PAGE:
Last Updated: May 16th, 2014 - 12:32:22


Tech-nology in the classroom
By Sarah Steele Wilson, Newsroom Editor
Feb 11, 2013, 11:09

photo by Sarah Steele Wilson Kindergartners at Patrick Copeland Elementary used iPads, Wiis and computers to learn math skills.

Digital Learning Day had an impact on at least one student at Patrick Copeland Elementary School in Hopewell.

While standing in line after a class that used Wii, computer and ipad based games to teach children math lessons, Kindergarten student Austin Campbell announced his plan.

“I’m going to change my name to megabyte,” he said.

It was a fitting statement. Bytes are units of digital information storage and transmission and the nationwide Digital Learning Day aims to promote better transmission to and storage of classroom lessons for students through the use of technology.
photo by Sarah Steele Wilson The use of iPods was a big hit with Patrick Copeland’s Kindergarten classes.

“The more you do with information, the more you recall it,” said Carolyn Kaufman, instructional technology resource teacher for the school.

She said that by linking educational ideas to Wii and computer games and iPod applications that involve actions, students use the information they are learning in a way that reinforces it.

Kaufman worked with teachers at different grade levels and principals at different schools to help bring the national event to the local level for the second year.

While most of the students who enter school today are what Kaufman called “digital natives,” strengthening their skills in that area will help prepare them for their future careers.
photo by Sarah Steele Wilson Students took turns at the Wii controls and helped each other solve math problems.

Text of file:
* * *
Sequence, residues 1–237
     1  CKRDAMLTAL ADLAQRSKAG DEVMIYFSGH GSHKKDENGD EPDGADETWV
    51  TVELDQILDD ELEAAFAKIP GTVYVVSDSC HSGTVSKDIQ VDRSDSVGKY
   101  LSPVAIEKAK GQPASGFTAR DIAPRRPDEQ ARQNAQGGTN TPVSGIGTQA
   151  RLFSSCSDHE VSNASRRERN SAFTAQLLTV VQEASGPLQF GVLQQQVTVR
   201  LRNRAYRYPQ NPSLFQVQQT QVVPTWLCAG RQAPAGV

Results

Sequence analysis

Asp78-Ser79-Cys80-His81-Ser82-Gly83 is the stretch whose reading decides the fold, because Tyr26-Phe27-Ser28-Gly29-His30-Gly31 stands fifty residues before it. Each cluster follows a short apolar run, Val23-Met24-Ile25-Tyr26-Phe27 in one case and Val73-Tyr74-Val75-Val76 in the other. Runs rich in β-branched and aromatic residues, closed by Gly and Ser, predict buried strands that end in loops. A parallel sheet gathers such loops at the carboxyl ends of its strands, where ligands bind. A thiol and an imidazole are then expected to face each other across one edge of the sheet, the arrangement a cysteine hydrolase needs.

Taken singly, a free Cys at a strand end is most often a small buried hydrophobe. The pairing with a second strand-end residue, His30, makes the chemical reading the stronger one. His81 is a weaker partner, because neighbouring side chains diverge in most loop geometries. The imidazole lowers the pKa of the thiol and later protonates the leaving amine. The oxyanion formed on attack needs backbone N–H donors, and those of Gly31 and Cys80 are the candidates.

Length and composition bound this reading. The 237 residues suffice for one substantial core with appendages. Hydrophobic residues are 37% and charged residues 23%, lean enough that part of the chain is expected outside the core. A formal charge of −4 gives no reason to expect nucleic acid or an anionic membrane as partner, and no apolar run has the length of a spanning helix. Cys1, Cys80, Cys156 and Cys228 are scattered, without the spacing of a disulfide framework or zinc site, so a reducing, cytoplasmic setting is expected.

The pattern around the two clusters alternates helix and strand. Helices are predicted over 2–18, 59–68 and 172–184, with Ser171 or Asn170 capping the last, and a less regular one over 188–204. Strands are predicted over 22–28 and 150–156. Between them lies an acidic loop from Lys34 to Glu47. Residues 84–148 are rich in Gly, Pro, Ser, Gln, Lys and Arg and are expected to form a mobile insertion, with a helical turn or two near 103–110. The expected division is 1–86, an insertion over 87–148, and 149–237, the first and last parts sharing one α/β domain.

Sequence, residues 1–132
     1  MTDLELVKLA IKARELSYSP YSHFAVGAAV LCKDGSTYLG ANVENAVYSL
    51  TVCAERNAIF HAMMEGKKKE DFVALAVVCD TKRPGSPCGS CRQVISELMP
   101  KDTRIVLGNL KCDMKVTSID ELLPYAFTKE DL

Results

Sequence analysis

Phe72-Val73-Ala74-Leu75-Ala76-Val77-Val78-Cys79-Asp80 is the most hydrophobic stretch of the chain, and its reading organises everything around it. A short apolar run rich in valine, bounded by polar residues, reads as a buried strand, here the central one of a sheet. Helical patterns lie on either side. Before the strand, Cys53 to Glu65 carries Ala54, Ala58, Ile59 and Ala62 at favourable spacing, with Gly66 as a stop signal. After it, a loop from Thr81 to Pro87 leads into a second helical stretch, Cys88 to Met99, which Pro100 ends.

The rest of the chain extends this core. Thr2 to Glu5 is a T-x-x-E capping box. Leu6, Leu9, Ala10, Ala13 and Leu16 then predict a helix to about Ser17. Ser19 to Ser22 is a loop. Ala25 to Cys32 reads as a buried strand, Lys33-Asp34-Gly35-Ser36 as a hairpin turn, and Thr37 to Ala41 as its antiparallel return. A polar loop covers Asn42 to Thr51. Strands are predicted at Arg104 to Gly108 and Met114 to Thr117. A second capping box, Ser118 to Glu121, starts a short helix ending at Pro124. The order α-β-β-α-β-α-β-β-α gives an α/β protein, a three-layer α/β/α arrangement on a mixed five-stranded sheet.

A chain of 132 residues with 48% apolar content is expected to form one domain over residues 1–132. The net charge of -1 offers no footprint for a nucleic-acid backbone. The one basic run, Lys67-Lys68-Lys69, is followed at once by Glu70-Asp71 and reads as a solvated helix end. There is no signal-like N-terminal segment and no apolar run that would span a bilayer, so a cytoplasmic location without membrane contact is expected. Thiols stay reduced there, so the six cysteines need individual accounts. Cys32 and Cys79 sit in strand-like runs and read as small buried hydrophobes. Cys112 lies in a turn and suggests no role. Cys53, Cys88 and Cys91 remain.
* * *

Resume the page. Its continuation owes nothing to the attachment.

“Can you imagine the jobs these kids will have?” she asked. “I read recently read that at least a quarter of the jobs they will hold have not been created yet.”

Since 2007, Hopewell schools have worked to acquire digital learning tools such as Wii machines and Promethean Boards. Patrick Copeland has seven Wiis, which can be checked out by teachers for lessons, and Promethean boards in every room.

While digital learning is becoming increasingly common, a fact illustrated by the addition of “ear buds” to the school supply list for the first time last September, the lack of education programs available for Wiis has required inventive thinking by teachers.
photo by Sarah Steele Wilson Kindergarten students helped each other master their iPad based math lessons.

“There are very few lesson plans, so we’re kind of creating our own as we go along,” Kaufman said. “Our teachers are looking at the different pieces of games again and seeing how we can use them to teach some of our standards of learning.”

Patrick Copeland principal Susan Jones aid that the activities on display during digital learning day showed how teachers and technology can, and must, work together in an approach known as “blended learning.”
photo by Sarah Steele Wilson Students donned headphones to play math oriented, child friendly computer games.

“We all know that blended learning is definitely coming and this is the way of the future,” she said. “...Kids have short attention spans these days. They’ll listen to the teacher for awhile, but you have to have other ways of getting them in.”

The children’s rapt attention as they leaned over iPods, manipulated computer screens and stood before the Wii was pointed to as evidence of their engagement.

“They had a blast,” said Kindergarten teacher Angela Hildreth.

The students rotated from classroom to classroom, where differing digital methods were used to teach a variety of different subjects, ranging from math to reading to social studies.

“Every room I went into, they were excited and engaged,” Hildreth said.

The day also proved a learning opportunity for teachers.

“The first time I brought iPods to the room, they were showing Ms. Whitfield how to use them,” Kaufman said, referencing Kindergarten teacher Joan Whitfield, who was helping students with math games.

Hildreth said it was exciting for the students to be the experts.

“They know more than we do, so they got to teach us,” she said. “That’s exciting.”

The day seemed to be a success with students, who agreed it was fun.
photo by Sarah Steele Wilson Teachers said that students seemed particularly excited and engaged by technology.

“I was playing and I was learning stuff to play on a computer,” said five-year-old Amiya Formley.

“I played on an iPods and had a lot of fun with them,” she added.

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